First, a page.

THE BLACK POWER MIXTAPE 1967-1975 With Music Composed By Questlove Now On DemandSeptember 28, 2011

THE BLACK POWER MIXTAPE 1967-1975 With Music Composed By Questlove Now On Demand

IFC Films

On Demand Weekly provides new movie reviews of hot movies on demand and from the POV of watching from the comfort of your home. Today’s review: THE BLACK POWER MIXTAPE 1967-1975 (IFC Films).


Click Here For On Demand Weekly's Exclusive Interview With Director Goran Hugo Olsson

 

THE BLACK POWER MIXTAPE 1967-1975 With Music Composed By Questlove Now On Demand
By Chris Claro

 

As the 21st century plows on – it’s been a decade, folks – it becomes more and more evident that context is everything. If the Web has taught us anything, it’s that nothing is definitive anymore; the breadth of perspectives, opinions, biases, and slants is innumerable. The lens through which events are viewed is permeable, malleable, and constantly rotating. As a result, the source of perspectives has become as important as the perspectives themselves.

 

 

With THE BLACK POWER MIXTAPE 1967-1975, director Goran Hugo Olsson mines the work of Swedish journalists who covered the US during the era referred to in the film’s title. Olsson juxtaposes the vintage – and well preserved – footage of such icons as Stokely Carmichael and Eldridge Cleaver with contemporary commentary from a combination of people who were there, such as Angela Davis and Harry Belafonte, and others, who only have a distant connection to the era, like Erykah Badu. A conventional doc in the show-and-tell mode, THE BLACK POWER MIXTAPE 1968-1975 is nonetheless ingenious in the way Olsson shows the international ripples that America’s unrest caused through the mid-70s.

 



Charting the tumult of the era, including the rise of Black consciousness, the assassinations of RFK and MLK, and the blunting impact of drugs on militancy and activism, MIXTAPE takes a linear approach, like a print annual, to show how these very American issues were viewed through the progressive, and decidedly liberal eyes of the Swedish press. One of the most effective sequences in the film highlights the umbrage of Nixon loyalist and TV Guide publisher Walter Annenberg at what he felt was the consistently negative portrayal of America by foreign journalists, particularly those from Scandinavia.

 

 

What emerges from THE BLACK POWER MIXTAPE is a portrait of the U.S. at a crucial juncture that is less hypey and hysterical than those that traditionally come from homegrown news organizations. Through Nordic eyes, America in the sixties and seventies is still in crisis, but the footage in the film seems to suggest that if we were able to calm down and breathe, things might have improved.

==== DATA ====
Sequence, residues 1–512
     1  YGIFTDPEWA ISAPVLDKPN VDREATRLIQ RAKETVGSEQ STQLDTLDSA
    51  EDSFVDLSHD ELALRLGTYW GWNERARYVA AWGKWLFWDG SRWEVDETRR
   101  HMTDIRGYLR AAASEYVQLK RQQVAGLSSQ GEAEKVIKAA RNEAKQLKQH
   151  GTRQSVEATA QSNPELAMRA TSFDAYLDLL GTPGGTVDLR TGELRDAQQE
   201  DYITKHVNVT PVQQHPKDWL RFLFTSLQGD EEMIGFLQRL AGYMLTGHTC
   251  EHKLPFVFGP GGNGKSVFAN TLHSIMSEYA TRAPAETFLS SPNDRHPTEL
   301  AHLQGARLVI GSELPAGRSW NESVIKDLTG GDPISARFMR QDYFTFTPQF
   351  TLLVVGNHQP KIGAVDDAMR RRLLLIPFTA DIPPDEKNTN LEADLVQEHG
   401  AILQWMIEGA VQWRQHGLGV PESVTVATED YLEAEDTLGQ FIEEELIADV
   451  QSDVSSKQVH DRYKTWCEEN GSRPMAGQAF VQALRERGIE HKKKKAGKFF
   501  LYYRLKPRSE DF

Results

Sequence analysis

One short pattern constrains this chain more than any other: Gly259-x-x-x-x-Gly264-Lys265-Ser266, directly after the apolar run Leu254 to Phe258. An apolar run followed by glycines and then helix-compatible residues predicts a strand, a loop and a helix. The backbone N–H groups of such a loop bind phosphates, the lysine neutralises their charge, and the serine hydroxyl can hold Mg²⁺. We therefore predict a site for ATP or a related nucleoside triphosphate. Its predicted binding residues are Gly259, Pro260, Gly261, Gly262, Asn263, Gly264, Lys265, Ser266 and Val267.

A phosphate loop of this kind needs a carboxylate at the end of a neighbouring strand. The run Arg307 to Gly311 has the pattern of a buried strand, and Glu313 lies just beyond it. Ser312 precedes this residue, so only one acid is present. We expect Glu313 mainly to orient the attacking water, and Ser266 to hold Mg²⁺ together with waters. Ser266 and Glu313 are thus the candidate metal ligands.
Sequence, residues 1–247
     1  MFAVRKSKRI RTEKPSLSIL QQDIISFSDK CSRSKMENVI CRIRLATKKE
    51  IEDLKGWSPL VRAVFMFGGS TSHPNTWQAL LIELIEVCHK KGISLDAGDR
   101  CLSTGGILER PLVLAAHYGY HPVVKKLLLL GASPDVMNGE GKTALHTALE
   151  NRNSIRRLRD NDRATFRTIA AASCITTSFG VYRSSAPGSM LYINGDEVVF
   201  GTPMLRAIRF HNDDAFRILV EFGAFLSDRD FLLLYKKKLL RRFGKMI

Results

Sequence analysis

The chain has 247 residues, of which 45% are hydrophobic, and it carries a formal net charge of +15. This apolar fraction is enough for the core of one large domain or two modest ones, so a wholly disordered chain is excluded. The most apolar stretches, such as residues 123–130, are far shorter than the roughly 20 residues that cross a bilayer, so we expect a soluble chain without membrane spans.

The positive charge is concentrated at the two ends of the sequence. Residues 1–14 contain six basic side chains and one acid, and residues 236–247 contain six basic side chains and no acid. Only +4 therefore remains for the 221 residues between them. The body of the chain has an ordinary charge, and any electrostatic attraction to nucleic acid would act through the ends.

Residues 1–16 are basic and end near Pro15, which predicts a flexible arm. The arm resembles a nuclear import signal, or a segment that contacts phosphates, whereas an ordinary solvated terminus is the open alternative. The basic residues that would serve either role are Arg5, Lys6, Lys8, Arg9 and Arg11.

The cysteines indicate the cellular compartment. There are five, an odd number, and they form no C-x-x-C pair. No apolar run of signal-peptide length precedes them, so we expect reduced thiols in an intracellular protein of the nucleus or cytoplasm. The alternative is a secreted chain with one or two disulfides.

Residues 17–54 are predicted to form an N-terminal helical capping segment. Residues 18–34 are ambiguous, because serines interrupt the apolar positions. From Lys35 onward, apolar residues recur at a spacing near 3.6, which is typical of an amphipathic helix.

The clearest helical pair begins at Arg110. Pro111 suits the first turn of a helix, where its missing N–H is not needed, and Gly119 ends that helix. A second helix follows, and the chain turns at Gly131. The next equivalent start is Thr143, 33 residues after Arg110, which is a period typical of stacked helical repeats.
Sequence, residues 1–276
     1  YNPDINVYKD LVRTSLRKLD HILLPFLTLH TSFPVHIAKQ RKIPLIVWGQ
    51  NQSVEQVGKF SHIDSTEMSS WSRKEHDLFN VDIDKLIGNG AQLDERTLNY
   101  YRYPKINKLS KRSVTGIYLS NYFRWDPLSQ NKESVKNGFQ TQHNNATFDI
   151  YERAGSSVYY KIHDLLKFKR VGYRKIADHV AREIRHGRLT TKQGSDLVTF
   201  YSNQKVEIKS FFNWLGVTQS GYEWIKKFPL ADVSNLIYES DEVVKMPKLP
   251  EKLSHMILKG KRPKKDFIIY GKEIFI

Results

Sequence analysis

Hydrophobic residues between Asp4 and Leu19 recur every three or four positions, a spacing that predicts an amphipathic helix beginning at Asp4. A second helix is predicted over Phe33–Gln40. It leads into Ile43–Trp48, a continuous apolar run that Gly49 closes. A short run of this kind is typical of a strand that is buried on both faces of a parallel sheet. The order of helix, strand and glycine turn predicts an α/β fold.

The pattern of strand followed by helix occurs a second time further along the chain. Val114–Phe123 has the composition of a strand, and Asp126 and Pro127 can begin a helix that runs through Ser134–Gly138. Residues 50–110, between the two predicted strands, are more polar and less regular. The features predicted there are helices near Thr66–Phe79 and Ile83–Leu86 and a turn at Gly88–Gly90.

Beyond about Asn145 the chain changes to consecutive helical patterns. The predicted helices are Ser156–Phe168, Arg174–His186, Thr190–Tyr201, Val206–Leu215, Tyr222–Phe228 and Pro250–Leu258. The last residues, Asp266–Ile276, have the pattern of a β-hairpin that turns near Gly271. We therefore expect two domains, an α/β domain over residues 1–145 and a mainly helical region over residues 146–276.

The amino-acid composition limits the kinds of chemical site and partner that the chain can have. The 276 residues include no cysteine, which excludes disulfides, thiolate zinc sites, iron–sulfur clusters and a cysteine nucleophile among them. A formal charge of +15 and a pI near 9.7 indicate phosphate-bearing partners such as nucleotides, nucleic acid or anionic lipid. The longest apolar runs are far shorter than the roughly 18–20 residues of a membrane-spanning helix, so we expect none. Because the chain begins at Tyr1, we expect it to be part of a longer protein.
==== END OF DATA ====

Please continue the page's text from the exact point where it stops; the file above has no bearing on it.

Though some of Olsson’s juxtapositions are literal and heavy-handed, including one that depicts the launch of an Apollo rocket as Badu talks about the shame of slavery, the found-footage feel of THE BLACK POWER MIXTAPE 1967-1975 makes it pulse with originality. The film’s commentators combine first-person recollections with long-ago idealism that reinforce the fabric of the film, which is bolstered by a soundtrack that features a thumping mix of hits from the era and original music by Questlove of the Roots.

 




THE BLACK POWER MIXTAPE 1967-1975 is a callback to a time when American unrest became an international story. With its beautifully maintained footage and singular perspective, it’s a must-watch for anyone seeking a challenging documentary that shows the US through the eyes of inquisitive, dispassionate observers.

 

DEMAND IT

 

- Chris Claro

Chris
Chris Claro is a contributing writer to On Demand Weekly. He is a former Director of Promotion for Sundance Channel and now works as a writer, producer, and media educator. He is a regular contributor to dvdverdict.com and contributor to the Eyes and Ears section of huffingtonpost.com

 

Look for THE BLACK POWER MIXTAPE 1967-1975 (IFC Films) under your cable system's Movie On Demand section.


 

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